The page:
Shaping debate on religion in public life.

Buildings as natureculture

31 Aug 2018

Ageing church buildings regularly pose challenges. But Associate Research Fellow John Reader, rector of a large rural benefice, argues that they also help us to bridge the false divide between nature and culture.

I remember talking to my friend and mentor John Atherton after the Manchester bombing of June 1996. At that point John was still Canon Theologian at the Cathedral and heavily involved in the plans to redevelop the city centre. His argument was that owning land in the immediate area gave the church a physical stake in the process and enabled the cathedral authorities to play a full part in the redevelopment. My reason for returning to these wise words, over 20 years later, is that I am now (along with key lay people in the benefice) custodian of eight Grade I and Grade II listed church buildings and sometimes feel that my main role as parish priest rarely extends beyond being a caretaker responsible for passing these safely on to the next generation. Can this be justified? In recent months we have suffered a series of lead thefts from three of the church roofs, paralleling a similar spell of two years ago when another two of the churches underwent the same fate. The time and money required to rectify the damage, or to replace the stolen lead with an alternative material seems disproportionate. Should we, both as local congregations and external funding bodies, not be investing our resources in mission and pastoral care? What exactly do these church buildings still offer to the legitimate work of the church and is it enough to argue that they give us a stake in our locality and community?

I am unable to offer a wholeheartedly positive answer, as there are times when the balance between being a liability and an asset tips too far in the direction of the former. After all, how many Methodist chapels have been sold now that numbers can no longer justify a physical presence? Is it simply the fact that rural Anglicans have a responsibility for ancient buildings that cannot be disposed of in this way that keeps the system afloat? In what ways do local non-churchgoers value their churches? Increasingly, they are viewed as just another venue: good for photographs at weddings and baptisms and sometimes useful for concerts or creative events despite the uncomfortable pews and lack of effective heating. Are they “sacred spaces”? Certainly not to the lead thieves who see them as just another easy target. Visitors arrive to examine the historical monuments or to appreciate their links to earlier centuries and famous families. They are still places of worship and gatherings of the faithful, but theirs is the main task of supporting and fundraising with occasional assistance from others. So the system struggles on.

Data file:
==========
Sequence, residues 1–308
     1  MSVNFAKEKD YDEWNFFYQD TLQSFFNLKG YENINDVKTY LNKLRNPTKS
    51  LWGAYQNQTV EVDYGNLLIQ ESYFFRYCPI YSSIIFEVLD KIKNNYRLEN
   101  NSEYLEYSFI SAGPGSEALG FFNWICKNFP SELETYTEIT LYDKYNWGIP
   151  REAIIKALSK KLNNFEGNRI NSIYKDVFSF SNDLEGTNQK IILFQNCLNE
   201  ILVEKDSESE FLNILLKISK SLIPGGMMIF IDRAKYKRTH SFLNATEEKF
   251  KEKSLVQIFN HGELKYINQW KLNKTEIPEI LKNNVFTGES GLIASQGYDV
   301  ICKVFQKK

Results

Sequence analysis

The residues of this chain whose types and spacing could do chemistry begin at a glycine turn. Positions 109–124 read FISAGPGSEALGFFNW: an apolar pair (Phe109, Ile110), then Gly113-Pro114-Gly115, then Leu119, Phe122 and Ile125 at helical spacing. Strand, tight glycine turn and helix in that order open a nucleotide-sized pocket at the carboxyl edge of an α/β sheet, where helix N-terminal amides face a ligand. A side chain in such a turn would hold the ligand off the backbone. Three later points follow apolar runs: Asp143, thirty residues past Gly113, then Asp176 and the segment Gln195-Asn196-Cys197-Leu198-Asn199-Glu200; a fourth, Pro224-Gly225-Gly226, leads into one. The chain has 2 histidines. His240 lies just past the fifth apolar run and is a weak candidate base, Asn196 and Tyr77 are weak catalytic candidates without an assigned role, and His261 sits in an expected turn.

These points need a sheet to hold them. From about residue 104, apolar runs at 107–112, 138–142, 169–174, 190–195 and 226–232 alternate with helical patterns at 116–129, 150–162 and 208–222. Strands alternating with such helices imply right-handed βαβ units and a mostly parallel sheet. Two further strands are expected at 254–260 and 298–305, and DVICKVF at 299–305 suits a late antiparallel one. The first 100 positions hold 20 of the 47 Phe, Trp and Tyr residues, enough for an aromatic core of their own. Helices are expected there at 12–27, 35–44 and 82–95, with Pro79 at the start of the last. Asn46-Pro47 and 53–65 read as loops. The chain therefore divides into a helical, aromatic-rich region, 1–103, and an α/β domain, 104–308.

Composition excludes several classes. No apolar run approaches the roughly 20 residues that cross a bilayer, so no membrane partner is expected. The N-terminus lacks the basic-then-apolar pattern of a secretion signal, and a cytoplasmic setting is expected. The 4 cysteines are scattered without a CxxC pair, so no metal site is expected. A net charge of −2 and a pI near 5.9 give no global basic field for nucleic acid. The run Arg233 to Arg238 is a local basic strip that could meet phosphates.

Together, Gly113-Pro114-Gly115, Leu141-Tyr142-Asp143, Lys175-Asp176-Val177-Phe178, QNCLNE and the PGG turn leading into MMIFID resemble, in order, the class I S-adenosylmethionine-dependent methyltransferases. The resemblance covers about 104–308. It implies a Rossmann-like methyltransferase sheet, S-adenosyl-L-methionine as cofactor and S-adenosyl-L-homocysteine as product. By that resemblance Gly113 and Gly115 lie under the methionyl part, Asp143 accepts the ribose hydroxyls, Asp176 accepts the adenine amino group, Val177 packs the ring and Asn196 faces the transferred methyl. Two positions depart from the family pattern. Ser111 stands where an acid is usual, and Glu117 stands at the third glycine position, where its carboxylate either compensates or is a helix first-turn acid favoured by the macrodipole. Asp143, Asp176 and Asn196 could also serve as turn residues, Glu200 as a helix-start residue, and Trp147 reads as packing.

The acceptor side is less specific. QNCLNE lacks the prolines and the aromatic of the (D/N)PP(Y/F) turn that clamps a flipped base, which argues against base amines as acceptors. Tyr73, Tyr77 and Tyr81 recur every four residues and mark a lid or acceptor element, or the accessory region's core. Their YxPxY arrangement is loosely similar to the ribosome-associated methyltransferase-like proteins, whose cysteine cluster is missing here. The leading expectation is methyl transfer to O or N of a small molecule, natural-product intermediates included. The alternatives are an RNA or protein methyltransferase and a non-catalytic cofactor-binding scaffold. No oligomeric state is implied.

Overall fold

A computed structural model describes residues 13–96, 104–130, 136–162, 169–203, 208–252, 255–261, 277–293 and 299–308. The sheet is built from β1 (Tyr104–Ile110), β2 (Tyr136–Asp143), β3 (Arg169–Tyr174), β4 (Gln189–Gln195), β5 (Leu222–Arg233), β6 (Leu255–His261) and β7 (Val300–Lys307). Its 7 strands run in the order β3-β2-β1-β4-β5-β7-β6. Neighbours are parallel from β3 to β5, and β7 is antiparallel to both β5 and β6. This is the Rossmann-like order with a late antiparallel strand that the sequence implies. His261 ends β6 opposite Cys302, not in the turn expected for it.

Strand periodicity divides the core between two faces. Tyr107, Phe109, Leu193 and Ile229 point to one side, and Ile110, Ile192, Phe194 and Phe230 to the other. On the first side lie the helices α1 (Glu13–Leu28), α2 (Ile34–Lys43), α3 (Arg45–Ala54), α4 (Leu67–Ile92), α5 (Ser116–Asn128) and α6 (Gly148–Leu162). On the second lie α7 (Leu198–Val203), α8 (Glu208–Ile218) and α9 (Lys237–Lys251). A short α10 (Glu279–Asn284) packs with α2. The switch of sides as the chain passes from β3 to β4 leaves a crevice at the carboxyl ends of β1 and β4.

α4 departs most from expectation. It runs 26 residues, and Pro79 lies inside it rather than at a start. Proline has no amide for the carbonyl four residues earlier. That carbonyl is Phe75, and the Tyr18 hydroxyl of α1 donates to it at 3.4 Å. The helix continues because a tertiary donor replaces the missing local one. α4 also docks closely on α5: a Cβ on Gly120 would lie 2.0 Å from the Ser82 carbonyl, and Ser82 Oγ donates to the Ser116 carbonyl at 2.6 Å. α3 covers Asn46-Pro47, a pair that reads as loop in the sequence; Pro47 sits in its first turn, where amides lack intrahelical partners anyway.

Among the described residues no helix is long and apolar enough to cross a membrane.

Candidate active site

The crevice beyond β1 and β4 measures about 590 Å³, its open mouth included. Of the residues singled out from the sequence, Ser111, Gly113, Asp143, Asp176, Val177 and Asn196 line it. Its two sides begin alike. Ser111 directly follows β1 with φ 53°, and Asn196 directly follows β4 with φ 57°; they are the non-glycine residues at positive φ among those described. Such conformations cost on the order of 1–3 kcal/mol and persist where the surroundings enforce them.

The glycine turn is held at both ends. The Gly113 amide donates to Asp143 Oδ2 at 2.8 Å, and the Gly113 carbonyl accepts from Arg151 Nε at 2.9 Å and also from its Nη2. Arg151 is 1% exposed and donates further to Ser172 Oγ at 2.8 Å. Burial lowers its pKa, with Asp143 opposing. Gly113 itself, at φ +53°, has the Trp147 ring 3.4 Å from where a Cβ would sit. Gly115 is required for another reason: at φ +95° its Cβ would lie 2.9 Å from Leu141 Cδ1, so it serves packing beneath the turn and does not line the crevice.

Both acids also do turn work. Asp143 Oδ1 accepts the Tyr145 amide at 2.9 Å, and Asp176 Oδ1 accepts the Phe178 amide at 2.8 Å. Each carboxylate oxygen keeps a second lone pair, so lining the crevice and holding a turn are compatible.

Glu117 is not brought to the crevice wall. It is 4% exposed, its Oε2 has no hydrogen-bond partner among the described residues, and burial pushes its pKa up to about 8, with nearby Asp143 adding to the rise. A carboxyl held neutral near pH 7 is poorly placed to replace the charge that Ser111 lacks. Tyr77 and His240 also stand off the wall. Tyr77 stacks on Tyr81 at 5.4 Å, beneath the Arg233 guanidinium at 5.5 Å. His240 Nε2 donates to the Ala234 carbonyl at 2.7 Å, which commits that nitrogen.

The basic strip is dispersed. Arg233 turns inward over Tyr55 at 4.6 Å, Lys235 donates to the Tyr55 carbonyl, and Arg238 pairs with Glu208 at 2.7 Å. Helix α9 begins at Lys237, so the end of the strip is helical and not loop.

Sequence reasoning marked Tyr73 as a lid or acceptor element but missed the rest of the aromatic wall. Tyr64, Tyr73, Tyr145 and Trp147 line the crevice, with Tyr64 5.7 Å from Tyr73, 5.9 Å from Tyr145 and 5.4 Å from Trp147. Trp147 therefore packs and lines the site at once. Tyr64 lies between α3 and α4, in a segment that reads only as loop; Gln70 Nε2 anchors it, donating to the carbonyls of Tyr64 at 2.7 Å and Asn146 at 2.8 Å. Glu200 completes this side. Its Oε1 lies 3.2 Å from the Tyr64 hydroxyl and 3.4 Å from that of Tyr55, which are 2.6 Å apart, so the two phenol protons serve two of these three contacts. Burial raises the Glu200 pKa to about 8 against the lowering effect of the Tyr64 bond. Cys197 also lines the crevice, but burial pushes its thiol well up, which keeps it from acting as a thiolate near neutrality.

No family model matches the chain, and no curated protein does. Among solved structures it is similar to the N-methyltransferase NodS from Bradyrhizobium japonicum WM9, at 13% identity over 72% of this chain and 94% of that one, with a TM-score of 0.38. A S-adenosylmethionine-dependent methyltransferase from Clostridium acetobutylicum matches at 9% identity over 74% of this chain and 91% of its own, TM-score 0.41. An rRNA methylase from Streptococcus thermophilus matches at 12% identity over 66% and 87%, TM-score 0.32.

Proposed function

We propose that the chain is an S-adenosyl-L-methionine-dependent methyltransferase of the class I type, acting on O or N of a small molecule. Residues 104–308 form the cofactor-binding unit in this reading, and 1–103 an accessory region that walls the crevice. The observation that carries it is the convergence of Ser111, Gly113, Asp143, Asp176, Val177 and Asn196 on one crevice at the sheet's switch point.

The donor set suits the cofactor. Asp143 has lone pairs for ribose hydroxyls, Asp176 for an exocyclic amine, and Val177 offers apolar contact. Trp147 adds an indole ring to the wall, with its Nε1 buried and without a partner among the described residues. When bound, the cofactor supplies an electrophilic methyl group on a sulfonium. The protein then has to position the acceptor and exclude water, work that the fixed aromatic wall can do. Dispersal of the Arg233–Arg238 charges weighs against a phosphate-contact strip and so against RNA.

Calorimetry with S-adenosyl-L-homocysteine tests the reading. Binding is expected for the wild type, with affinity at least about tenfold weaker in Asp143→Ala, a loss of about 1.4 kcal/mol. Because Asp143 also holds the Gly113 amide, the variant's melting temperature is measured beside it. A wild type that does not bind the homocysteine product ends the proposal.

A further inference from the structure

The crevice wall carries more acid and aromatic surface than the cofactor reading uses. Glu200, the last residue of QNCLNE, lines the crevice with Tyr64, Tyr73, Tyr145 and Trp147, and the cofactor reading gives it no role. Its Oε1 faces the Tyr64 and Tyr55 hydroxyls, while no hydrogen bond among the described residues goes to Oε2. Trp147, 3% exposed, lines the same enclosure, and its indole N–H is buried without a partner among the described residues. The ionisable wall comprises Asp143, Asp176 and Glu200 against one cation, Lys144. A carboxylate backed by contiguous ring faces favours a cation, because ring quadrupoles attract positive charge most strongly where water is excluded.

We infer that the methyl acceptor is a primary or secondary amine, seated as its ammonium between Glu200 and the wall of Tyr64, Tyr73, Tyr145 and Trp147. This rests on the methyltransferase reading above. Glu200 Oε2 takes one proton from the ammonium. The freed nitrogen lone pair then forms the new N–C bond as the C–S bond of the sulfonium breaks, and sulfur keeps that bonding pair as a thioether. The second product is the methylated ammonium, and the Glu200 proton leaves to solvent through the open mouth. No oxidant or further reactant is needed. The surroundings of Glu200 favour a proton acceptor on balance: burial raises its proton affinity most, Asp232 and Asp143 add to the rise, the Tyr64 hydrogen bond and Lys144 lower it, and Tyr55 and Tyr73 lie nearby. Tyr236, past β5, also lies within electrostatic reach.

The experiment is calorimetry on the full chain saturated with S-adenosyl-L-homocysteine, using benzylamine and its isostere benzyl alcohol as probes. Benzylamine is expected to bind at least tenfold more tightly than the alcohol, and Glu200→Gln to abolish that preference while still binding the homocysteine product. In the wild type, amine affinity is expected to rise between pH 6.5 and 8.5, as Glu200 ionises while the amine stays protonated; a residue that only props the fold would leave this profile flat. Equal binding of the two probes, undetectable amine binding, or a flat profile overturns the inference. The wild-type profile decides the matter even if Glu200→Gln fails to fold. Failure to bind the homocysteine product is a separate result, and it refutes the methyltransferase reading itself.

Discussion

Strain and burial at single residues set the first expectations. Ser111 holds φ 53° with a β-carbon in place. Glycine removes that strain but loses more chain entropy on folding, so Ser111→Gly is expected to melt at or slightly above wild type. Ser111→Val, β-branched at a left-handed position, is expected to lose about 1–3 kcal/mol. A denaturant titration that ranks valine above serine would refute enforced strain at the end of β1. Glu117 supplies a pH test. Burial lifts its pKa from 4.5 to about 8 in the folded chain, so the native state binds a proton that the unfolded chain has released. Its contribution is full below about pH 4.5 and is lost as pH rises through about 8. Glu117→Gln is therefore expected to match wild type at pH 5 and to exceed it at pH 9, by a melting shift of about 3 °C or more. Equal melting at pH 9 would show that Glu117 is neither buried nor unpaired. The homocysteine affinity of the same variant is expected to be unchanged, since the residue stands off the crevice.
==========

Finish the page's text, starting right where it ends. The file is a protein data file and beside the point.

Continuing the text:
What exactly would be lost if these buildings were no longer open or safe?

In my more romantic moments I would argue for the value of the spiritual symbolism contained in them. The presence of the stained glass windows, the carvings, the bells ringing out (when enough ringers can be found) across the village (although even those now encounter objections from those who move to the country for its tranquillity). The very walls enshrining the prayers and music of generations of Christians who have worshipped here, as R.S Thomas might say. The memories and associations that would be destroyed for good if these buildings were no longer. They are part of our cultural heritage, which is why Historic England like to keep a watchful and controlling eye on proposed changes and Dioceses are duty bound to do the same in order to keep the state at bay. All of these things are true and demand our respect.

Perhaps, though, there is a further reason, which lies deeper in our psyche and philosophy. These buildings are a tangible link between what we have come to call “nature” and “culture”, between what various contemporary philosophers describe as physis and techne. The very materials of which the churches are constructed, the fabric of the buildings, are a practical example of one way in which we negotiate the ever-changing relationships between the natural world which provides the materials, and the technical and even spiritual domains through which we express meaning and values. We adapt our buildings by installing not only toilets but also WiFi in order to make them user friendly for the current generation. They are living stones: they breathe, and move, and we humans attempt to work with the materials in order to create and construct places for activity. Churchyards used to be the open space in the community where everything took place (I mean everything) and each church used to brew its own ale. If “sacred” meant anything it did not mean “set apart” or “holy” as we view it now, but fully engaged and entangled in the midst of life; nature and culture wrapped up in myriad and shifting ways to represent the changes and chances. So, it may be that something important would be lost beyond the individual memories and commitments that many of us share; a way of working that honours the relationships between nature and culture and challenges the stark division between them. This false dichotomy is especially damaging when we come to develop ethical responses to environment (nature?) and culture (technology?). We may still be able to learn from the past by searching for new visions of the future.

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